Standard IPX Access Lists

In the same way that access lists can be used to permit or deny IP-based traffic from passing through a router, IPX access lists control the flow of IPX traffic. A standard IPX access list is a little different that a standard IP access list. The standard IPX variety allows traffic to be filtered based on both source and destination addresses, rather than just source addresses alone.

To define a standard IPX access list, you can also use the access-list command from global configuration mode. Recall that the numeric range of standard IPX access lists is 800-899. While IPX access lists can also define individual hosts (or ranges of hosts with wildcard masks), they are more commonly implemented by specifying source and destination network numbers. Consider the figure below. The small network depicted consists of one router connecting three networks – 101A, 101B, and 101C. Our goal is to deny traffic originating from network 101A from reaching network 101B, while allowing all other traffic to pass. Our access list number for this example will be 850.

Figure: An outbound standard IPX access list applied to the router’s E1 interface denies traffic from network 101A from reaching network 101B.

RouterA(config)#access-list 850 deny 101A 101B

That was certainly simple enough. The statement above identifies the access list entry as belonging to standard IPX access list 850, which denies traffic from source network 101A from reaching the destination network (101B). Our next step involves permitting all other traffic, which is imperative since all access lists end with the implicit “deny all” statement. I have used the help function to demonstrate how the syntax of an IPX access list differs when you wish to specify that “any” traffic should be allowed to pass.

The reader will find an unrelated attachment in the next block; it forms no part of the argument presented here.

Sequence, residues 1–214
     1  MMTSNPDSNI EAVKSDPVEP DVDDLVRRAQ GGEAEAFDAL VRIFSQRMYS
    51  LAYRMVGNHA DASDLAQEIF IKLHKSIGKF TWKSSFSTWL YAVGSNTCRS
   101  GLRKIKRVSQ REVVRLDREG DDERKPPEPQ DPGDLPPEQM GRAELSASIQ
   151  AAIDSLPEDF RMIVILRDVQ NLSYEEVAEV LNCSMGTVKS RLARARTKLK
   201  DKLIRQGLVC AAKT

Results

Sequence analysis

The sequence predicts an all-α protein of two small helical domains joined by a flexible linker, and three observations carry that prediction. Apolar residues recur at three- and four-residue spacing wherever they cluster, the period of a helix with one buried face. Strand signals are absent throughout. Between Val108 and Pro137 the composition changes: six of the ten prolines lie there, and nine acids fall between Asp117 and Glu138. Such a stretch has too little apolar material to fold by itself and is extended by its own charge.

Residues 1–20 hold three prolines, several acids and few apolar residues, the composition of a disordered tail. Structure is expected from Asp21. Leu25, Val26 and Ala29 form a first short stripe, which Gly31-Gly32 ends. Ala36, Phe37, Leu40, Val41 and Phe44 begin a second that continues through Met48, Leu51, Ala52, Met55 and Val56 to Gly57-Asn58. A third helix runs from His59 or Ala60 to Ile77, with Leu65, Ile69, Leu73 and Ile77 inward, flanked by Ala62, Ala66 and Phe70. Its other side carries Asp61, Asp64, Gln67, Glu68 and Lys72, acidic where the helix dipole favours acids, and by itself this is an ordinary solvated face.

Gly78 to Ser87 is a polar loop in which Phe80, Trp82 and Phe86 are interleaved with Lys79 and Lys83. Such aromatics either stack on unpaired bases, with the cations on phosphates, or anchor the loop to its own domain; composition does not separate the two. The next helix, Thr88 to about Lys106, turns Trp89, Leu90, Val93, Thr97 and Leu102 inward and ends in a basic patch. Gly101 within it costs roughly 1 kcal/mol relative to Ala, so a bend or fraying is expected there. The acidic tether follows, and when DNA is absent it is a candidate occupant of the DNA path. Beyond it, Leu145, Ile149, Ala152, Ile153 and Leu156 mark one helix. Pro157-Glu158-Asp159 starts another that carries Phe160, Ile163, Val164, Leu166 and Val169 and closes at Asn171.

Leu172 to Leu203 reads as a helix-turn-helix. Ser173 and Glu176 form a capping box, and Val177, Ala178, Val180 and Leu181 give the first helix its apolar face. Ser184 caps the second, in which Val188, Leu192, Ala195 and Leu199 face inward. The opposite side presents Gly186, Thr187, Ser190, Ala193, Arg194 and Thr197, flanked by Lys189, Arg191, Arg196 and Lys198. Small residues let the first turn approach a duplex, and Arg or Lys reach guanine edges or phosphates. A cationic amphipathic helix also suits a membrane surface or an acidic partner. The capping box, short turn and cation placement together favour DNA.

RouterA(config)#access-list 850 permit ?
-1 Any IPX net
<0-FFFFFFFF> Source net
N.H.H.H Source address
RouterA(config)#access-list 850 permit -1 -1

Notice that standard IPX access lists don’t use the any keyword to reference all hosts. Instead, their syntax differs in that –1 is used to represent any IPX network. The statement above would be the same as saying “permit any traffic from any network”. Again, this access list does nothing until applied to an interface using the access-group command. In this case, the syntax varies slightly, since it is an IPX access list that we’re dealing with.

RouterA(config)#int e1
RouterA(config-if)#ipx access-group 850 out

To view all IPX access lists defined on a router, use the show ipx access-list command. To view only a specific access list, follow the command with the access list number is question.

RouterA#sh ipx access-list
IPX standard access list 850
deny 101A 101B

The IPX access lists associated with a given interface can be viewed using both show run and show ipx int followed by the interface number. I’ve truncated the output below to show only the relevant information.

RouterA#show ipx int e1
Ethernet1 is up, line protocol is up
IPX address is 101B.0060.5cc4.f41b, NOVELL-ETHER [up]
Delay of this IPX network, in ticks is 1 throughput 0 link delay 0
IPXWAN processing not enabled on this interface.
IPX SAP update interval is 60 seconds
IPX type 20 propagation packet forwarding is disabled
Incoming access list is not set
Outgoing access list is 850

Remember that any given interface may have only one incoming and one outgoing access list assigned per protocol.

Author: Dan DiNicolo

Dan DiNicolo is a freelance author, consultant, trainer, and the managing editor of He is the author of the CCNA Study Guide found on this site, as well as many books including the PC Magazine titles Windows XP Security Solutions and Windows Vista Security Solutions. Click here to contact Dan.